Modern JavaScript for the Impatient


Why I Wrote This Book

JavaScript is one of the most used programming languages on the planet. Like so many programmers, I knew a bit of pidgin JavaScript, and one day, I had to learn serious JavaScript in a hurry. But how?

There are any number of books that teach a little bit of JavaScript for casual web developers, but I already knew that much JavaScript. Flanagan's “Rhino book” was great in 1996, but now it burdens readers with too many accidents from the past. Crockford's JavaScript—The Good Parts was a wakeup call in 2008, but much of its message has been internalized in subsequent changes to the language. There are a number of books that bring old-style JavaScript programmers into the world of modern standards, but they assumed an amount of “classic” JavaScript that was out of my comfort zone.

Of course, the web is awash in JavaScript-themed blogs of varying quality, some accurate and many with a tenuous grasp of the facts. I did not find it effective to scour the web for blogs and gauge their levels of truthfulness.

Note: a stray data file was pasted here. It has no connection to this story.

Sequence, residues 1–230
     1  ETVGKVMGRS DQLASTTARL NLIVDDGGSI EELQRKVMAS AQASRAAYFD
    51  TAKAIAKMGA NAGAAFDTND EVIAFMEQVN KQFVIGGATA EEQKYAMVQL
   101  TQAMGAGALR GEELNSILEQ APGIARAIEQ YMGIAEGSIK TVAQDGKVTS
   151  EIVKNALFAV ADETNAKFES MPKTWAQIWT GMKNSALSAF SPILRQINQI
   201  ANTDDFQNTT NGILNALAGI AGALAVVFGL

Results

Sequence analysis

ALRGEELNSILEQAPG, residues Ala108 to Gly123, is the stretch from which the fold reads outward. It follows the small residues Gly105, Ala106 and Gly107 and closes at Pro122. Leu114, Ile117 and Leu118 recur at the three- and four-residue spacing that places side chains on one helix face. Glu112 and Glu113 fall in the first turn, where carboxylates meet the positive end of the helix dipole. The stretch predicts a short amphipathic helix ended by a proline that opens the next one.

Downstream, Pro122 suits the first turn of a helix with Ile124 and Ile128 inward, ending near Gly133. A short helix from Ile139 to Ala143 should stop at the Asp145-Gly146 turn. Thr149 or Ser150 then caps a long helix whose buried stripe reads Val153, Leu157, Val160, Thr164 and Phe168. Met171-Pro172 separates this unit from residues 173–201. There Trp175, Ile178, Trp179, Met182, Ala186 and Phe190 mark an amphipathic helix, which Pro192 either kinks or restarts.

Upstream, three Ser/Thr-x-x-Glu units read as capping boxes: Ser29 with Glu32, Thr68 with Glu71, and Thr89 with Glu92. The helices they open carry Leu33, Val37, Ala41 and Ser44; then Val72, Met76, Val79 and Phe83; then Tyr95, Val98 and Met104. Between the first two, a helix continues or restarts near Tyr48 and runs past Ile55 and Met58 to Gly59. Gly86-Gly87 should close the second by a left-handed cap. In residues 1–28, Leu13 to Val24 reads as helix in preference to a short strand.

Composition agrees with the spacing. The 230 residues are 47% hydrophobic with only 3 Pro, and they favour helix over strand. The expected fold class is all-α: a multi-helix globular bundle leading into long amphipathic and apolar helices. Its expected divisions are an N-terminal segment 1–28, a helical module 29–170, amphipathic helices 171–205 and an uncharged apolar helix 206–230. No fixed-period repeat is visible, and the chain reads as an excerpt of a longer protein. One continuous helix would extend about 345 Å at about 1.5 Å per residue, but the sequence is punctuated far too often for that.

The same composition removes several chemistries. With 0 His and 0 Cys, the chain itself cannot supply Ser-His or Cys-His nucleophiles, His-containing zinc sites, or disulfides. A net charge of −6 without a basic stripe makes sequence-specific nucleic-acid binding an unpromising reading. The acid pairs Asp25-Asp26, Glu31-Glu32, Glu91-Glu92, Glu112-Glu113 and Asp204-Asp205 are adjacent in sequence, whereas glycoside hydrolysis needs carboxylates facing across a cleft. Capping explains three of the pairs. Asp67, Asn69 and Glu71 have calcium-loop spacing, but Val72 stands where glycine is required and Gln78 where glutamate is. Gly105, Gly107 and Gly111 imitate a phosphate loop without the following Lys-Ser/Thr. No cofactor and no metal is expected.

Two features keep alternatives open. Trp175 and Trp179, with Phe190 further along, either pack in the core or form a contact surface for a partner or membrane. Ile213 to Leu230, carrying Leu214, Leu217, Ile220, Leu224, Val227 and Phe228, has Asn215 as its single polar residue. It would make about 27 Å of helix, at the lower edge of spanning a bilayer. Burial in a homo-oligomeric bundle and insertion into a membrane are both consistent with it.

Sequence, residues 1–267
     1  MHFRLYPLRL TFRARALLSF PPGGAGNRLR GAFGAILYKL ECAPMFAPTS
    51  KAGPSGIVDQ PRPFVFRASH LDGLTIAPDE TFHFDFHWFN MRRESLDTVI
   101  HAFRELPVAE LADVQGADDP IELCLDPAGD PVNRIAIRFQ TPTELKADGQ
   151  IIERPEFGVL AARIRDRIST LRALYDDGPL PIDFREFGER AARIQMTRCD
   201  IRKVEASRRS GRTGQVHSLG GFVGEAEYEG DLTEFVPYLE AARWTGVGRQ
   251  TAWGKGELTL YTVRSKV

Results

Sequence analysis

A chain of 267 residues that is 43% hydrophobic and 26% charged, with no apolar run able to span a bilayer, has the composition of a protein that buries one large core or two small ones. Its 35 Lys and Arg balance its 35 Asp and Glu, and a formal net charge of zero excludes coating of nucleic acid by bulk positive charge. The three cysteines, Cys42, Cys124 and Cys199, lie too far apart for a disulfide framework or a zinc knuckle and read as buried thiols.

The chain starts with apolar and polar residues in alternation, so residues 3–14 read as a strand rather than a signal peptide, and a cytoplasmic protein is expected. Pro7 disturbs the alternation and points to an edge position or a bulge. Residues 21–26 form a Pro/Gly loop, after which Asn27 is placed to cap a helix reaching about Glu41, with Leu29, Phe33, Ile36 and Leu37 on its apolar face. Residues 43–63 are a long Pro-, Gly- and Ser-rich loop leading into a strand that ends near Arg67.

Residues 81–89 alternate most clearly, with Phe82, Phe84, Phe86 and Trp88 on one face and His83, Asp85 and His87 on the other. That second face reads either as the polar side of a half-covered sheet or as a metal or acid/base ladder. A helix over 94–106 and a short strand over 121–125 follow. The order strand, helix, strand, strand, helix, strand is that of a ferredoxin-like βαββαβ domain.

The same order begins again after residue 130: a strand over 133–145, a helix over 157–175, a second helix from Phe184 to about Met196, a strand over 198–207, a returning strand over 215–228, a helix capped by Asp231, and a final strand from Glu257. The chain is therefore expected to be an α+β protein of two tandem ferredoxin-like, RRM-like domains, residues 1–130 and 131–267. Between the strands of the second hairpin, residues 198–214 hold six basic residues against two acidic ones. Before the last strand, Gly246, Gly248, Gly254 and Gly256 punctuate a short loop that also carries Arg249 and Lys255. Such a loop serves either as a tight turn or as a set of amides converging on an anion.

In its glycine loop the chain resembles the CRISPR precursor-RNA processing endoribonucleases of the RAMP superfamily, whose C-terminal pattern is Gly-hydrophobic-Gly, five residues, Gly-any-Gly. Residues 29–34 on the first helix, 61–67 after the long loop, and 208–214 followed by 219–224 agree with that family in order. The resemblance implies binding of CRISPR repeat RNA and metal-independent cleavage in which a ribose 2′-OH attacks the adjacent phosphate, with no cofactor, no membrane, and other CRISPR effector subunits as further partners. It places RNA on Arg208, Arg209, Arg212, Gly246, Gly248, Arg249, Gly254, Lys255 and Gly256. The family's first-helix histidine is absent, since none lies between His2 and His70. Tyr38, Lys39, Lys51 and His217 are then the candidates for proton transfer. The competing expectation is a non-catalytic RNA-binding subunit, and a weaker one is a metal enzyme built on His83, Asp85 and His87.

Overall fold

Oddly enough, I could not find a book for the millions of programmers who know Java or a similar language and who want to learn JavaScript, as it exists today, without the historical baggage.

So I had to write it.

Video Course



  1. Lesson 1: Values and Variables
  2. Lesson 2: Control Flow
  3. Lesson 3: Functions
  4. Lesson 4: Objects and Classes
  5. Lesson 5: Numbers and Dates
  6. Lesson 6: Strings and Regular Expressions
  7. Lesson 7: Arrays and Collections
  8. Lesson 8: Metaprogramming
  9. Lesson 9: Iterators and Generators
  10. Lesson 10: Asynchronous Programming
  11. Lesson 11: Internationalization
  12. Lesson 12: Modules